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📸 by @tdoteric A lighter tale of Malik Abdul Basit As a true Bol from philly you know that one’s oil game HAD to be on point. I came in this game rockin oils since age 9. Most of yall joke about me smelling like Breakfast (thx Kravitz clan) but long before my vanilla combo mastery my true graduation from basic Frankincense & Myrrh morphed into new exotic philly jawns like “Mecca Musk” & “Somali Rose” & “Egyptian Musk” & yeah…..”Money On the Street” & “Hug My Neck Aphrodisiac” Malik introduced me to that world. Even before Malik was in the Roots —-he was my oil guru. IYKYK…there is no panic like the last drop of oil w no re-up in the future. I been bugging Malik for my “$OTS” re-up. Paged him 911 (ask your parents kids) he was hard to catch but I knew I had some leverage bait this time: these were my last days interning at #RuffhouseRecords. I was everyone’s plug for all free cd’s/lp’s & especially Kriss Kross posters for anyone’s younger sibling or cousin Tim Dog’s sophomore Do or Die just came out (his “I Get Wrecked” single w KRS made brief noise for a sec) & I had 6 songs from the not yet released Cypress Hill “Black Sunday” lp——that was just enough to garner a “word? BET!” confirmation from Malik to tell me that him & Mussa (remember the cat dozing off watching TV in our “Distorion” vid? Him) would scoop me in a half hour. Confused I thought it was gonna be an even exchange (having paid him upfront weeks ago at a show I thought he was gonna drop it off——ha ha ha yeah ok They arrive to my west philly house and then Malik breaks the news to me: we gotta take a trip to “Norf” to get the oils. I wasn’t planning on this. But oh well. It was 3pm. Malik told me the particular fragrance I dug was a mixture of 3 import oils from Saudi Arabia (his parents often taught school there) my dad was already on his cynic “fool me once….” bag with Malik from a previous sale: “that boy tried to hustle me with Blue Nile that wasn’t all the way Blue, I know Johnson’s baby oil rebranded when I smell it”)——Malik told me we’d have to run to grab 2 oils & then West Oak Lane for the other oil, & then to South Philly so he can mix em together. Uh (checks Swatch) ok.

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Born Malik Basit in the Roots’ native Philadelphia, the MC linked up in the early Nineties with the Square Roots drummer Ahmir “Questlove” Thompson and fellow MC Tariq “Black Thought” Trotter, who became friends with Basit while the two were students at Millersville University.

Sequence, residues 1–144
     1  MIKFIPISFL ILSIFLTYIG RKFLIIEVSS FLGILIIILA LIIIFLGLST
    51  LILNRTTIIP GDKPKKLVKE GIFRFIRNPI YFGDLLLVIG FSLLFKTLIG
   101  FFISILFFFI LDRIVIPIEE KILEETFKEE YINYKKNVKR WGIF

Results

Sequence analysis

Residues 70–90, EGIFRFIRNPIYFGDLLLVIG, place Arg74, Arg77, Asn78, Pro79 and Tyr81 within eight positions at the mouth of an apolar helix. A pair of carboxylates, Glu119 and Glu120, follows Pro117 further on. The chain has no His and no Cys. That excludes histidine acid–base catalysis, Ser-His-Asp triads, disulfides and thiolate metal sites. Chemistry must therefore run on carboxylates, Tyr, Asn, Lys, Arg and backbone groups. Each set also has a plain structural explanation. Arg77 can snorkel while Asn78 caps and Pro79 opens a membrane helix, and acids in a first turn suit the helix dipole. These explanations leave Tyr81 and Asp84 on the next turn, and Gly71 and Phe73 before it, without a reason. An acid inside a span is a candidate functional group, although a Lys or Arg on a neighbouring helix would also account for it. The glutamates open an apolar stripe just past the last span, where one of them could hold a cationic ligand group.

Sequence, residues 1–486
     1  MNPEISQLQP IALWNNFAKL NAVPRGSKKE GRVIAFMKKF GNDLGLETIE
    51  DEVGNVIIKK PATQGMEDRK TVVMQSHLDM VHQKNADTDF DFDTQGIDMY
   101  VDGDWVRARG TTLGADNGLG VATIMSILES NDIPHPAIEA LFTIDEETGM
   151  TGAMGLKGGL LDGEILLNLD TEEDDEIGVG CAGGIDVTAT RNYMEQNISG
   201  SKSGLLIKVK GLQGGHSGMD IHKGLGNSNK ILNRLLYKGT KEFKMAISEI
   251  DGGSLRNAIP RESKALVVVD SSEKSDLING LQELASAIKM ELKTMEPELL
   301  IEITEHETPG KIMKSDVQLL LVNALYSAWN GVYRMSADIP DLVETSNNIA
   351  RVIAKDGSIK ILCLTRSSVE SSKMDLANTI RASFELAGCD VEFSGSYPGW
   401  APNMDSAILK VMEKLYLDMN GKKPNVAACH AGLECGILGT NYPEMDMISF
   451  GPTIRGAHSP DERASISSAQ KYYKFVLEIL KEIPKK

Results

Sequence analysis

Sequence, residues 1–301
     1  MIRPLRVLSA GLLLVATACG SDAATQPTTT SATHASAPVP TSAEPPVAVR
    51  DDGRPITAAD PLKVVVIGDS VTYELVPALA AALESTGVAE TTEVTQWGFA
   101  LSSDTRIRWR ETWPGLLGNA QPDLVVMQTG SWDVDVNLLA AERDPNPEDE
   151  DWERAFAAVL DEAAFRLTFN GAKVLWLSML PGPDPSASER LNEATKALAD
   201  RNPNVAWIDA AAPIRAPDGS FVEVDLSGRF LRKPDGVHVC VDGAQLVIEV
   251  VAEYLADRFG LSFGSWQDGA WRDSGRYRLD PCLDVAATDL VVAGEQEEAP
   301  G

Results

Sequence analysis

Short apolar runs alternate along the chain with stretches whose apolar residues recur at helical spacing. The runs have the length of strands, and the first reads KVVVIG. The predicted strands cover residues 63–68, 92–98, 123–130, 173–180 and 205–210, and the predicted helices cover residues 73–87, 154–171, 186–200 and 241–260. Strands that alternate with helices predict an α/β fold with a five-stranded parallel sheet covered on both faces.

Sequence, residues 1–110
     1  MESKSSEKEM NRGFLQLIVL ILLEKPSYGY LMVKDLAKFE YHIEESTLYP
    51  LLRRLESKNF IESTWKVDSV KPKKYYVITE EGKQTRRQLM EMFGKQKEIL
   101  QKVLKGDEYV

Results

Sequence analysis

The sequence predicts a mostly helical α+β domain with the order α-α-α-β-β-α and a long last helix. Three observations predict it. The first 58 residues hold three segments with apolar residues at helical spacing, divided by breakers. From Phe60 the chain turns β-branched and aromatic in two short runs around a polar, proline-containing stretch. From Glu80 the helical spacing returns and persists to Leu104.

After changing their name to the Roots, the group released their 1993 album Organix, which was followed by their breakout major label debut, 1995’s Do You Want More?!!!??!, with Malik B. and Black Thought splitting verses on nearly every track.

Basit also appeared on 1996’s Illadelph Halflife and 1999’s Things Fall Apart before he left the Roots; On the Roots’ “Water” from 2002’s Phrenology, their first album without Basit, Black Thought details how he and Malik B. got together musically, as well as examines the drug issues that ultimately led to Basit’s exit from the group. “Dumbin, just embracing the dope like it’s a woman,” Black Thought rhymed on the track. “You burnin’ both sides of the rope and just pullin’ / Tuggin’, in between Islam and straight thuggin’.”

Although Malik B. left the Roots at the turn of the millennium, the rapper continued to make guest appearances on the group’s albums, including the title track to 2006’s Game Theory and Rising Down’s “I Can’t Help It” and “Lost Desire” in 2008, his last two guest spots with the Roots.

In the two decades following his departure from the Roots, Basit intermittently returned to music, first with his 2005 mixtape Street Assault and his 2015 Unpredictable collaboration with producer Mr. Green.

Philadelphia rapper Reef the Lost Cauze tweeted Wednesday, “Heartbroken to hear of the passing of Malik B, one of the greatest MC’s to ever come from this city. He had his troubles for sure, but dude inspired a whole generation of us to touch the mic. Myself included. May he rest peacefully.”

In This Article: Hip-Hop, obit, Obituary, The Roots